An industry-wide renewed focus on biosecurity is the best hope to control PEDV spread and reinfection, points out Lisa Becton, DVM, Pork Checkoff's director of swine health.  "Most of our biosecurity practices are focused on fecal/oral disease transfer," she notes.  Since PEDV is spread via feces, there is a sound biosecurity base in place.  But that also means the virus can be easily spread by a wide range of vectors, which is why Becton advises producers to "be diligent about rethinking possible exposures."

While research is underway to learn more specifics about the virus, Becton suggests reviewing biosecurity protocols with your herd veterinarian and paying special attention to transport biosecurity efforts.  Some of those recommendations include:

* Establish and visibly mark a "Line of Separation" that designates a separation from outside the facility to the inside area for people and pigs.  There may be several such lines throughout a farm.  Strictly enforce these lines and prevent unauthorized personnel (or vehicles) from continuing further into the premises.

* Restrict animal haulers' access to the truck or trailer only.  Load out crews should not re-enter buildings without washing up, changing coveralls and boots first.

* Completely clean, disinfect and dry trucks and trailers, inside and out, after every use.  This starts by removing all bedding and debris as well as using soap and detergent.  Don't forget the cab.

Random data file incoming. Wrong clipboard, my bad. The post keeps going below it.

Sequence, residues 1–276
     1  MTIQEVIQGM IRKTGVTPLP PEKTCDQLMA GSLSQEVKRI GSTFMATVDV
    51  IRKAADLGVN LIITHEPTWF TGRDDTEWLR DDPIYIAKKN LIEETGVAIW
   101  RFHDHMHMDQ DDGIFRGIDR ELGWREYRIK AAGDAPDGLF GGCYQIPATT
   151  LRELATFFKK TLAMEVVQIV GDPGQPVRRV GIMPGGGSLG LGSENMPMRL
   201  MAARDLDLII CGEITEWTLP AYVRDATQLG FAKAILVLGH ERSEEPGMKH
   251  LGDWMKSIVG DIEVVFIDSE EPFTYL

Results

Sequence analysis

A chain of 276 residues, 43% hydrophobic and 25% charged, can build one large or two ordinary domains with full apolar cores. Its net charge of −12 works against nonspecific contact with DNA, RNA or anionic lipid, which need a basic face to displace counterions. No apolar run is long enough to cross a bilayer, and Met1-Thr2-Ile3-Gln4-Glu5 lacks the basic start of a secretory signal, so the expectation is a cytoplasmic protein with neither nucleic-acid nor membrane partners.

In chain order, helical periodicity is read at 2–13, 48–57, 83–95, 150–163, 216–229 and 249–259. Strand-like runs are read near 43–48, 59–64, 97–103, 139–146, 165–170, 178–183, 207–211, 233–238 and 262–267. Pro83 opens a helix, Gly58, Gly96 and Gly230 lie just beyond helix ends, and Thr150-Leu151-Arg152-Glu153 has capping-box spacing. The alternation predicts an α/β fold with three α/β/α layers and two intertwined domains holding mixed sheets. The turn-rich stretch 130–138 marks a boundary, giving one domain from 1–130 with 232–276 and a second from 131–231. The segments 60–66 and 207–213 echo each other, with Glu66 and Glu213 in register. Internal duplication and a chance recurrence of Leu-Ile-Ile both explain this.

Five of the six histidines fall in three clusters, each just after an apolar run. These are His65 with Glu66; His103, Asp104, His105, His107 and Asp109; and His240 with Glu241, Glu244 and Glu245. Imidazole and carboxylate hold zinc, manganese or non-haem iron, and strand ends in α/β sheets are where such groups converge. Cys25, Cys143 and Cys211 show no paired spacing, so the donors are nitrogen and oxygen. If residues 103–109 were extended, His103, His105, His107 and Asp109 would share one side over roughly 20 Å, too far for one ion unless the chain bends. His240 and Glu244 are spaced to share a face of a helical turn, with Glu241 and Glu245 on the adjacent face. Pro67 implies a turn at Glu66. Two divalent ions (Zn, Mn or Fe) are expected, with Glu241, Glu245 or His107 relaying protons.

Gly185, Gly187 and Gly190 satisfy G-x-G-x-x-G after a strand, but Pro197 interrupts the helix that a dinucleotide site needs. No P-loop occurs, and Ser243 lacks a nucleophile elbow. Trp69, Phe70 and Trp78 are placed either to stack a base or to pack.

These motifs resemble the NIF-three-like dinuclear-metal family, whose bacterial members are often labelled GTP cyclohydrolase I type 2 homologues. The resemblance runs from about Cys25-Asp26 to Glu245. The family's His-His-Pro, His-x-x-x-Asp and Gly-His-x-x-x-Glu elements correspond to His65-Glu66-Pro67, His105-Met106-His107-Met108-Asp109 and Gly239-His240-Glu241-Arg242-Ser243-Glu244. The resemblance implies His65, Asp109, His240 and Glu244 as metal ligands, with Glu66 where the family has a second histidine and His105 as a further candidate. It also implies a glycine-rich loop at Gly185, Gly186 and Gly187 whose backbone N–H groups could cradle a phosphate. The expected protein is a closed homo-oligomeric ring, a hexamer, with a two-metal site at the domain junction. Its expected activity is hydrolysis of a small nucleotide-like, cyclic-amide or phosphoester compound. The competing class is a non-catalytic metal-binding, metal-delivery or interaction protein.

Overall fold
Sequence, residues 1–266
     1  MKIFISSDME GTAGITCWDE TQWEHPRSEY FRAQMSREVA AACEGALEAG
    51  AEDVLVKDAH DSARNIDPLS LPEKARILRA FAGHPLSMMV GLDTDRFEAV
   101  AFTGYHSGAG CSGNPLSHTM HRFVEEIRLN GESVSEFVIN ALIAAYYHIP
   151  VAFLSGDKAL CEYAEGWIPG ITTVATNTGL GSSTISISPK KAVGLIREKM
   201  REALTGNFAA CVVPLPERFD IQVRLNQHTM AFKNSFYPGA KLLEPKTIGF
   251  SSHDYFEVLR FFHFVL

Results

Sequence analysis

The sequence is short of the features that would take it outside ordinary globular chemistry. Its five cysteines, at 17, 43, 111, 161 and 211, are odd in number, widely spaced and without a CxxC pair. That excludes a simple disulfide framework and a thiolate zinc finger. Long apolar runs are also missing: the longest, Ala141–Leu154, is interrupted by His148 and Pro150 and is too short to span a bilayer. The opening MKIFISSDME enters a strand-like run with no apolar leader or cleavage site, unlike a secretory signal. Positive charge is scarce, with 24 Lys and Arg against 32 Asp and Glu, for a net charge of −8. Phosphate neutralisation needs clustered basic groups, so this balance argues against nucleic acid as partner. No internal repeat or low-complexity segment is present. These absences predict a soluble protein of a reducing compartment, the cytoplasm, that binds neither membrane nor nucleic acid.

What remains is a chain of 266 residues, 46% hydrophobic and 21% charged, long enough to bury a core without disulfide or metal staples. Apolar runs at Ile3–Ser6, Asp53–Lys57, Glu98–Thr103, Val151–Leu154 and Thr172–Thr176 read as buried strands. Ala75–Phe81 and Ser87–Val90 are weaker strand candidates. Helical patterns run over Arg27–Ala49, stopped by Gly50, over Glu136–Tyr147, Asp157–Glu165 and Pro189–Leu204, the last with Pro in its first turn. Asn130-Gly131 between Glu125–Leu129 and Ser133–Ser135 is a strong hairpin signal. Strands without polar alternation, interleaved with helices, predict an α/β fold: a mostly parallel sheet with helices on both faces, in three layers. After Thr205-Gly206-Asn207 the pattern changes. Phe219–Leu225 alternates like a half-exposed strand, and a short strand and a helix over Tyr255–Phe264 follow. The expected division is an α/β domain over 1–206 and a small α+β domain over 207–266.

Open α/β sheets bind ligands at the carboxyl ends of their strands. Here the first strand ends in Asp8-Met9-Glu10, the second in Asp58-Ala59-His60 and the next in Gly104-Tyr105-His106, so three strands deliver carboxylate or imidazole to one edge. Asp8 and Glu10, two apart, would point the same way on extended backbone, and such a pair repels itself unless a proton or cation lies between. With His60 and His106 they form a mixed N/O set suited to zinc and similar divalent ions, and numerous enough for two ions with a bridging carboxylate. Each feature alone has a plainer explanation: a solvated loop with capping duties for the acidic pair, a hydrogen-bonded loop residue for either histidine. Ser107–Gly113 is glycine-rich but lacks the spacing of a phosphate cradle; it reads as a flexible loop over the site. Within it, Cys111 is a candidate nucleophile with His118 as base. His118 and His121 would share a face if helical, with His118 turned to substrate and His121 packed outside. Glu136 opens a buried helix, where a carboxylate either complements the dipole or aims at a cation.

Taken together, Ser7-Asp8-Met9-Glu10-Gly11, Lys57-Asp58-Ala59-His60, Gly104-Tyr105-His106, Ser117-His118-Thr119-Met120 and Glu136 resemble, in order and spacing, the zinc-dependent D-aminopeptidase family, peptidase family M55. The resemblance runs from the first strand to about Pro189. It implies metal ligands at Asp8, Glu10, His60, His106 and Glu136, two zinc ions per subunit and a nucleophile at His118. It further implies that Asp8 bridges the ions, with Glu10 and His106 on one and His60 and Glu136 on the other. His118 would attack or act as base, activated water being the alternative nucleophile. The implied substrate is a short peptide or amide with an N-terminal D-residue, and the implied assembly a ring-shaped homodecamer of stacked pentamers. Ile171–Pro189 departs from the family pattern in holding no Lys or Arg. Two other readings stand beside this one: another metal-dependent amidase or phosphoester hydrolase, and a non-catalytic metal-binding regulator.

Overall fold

* Several virucidal disinfectants can inactivate PEDV.  Go to or for listings.

* After transporting pigs, isolate and wash coveralls at a non-production site.

Talk to all service providers to ensure they understand the critical nature of PEDV and your new site-access restrictions.  Don't forget to share information and spell out movement restrictions with the farm's non-production staff in; they need to understand the seriousness of PEDV as well.

Whether its people, vehicles or pigs, it's important to know the movements on and off your operation, and what exposure there may have been prior to coming to your site, says Bret Marsh, DVM, Indiana state veterinarian.  "Knowing the PEDV status of an area, herd or market lets you take precautions so you don't bring the virus back home," he adds.

If you suspect PEDV exposure, contact your herd veterinarian.  Submit samples to the veterinary diagnostic laboratory; instructions are available at both and

"At the local level, producers should work closely with their swine veterinarians.  They are a great resource for information and perspectives about what's going on in herds, and to make sure we don't miss a diagnosis," Marsh says.  He also points to as another excellent resource for PEDV research and information.  "There are numerous biosecurity fact sheets and white papers that are excellent, free, resources for producers to utilize," he says.

But even with the strictest policies and best intentions, this virulent virus may still find its way into your neighborhood.  "Our entire national herd is naive to this virus so we will continue to see breaks," Marsh says.

Click here for the  PED Biosecurity and Manure Fact Sheet for Producers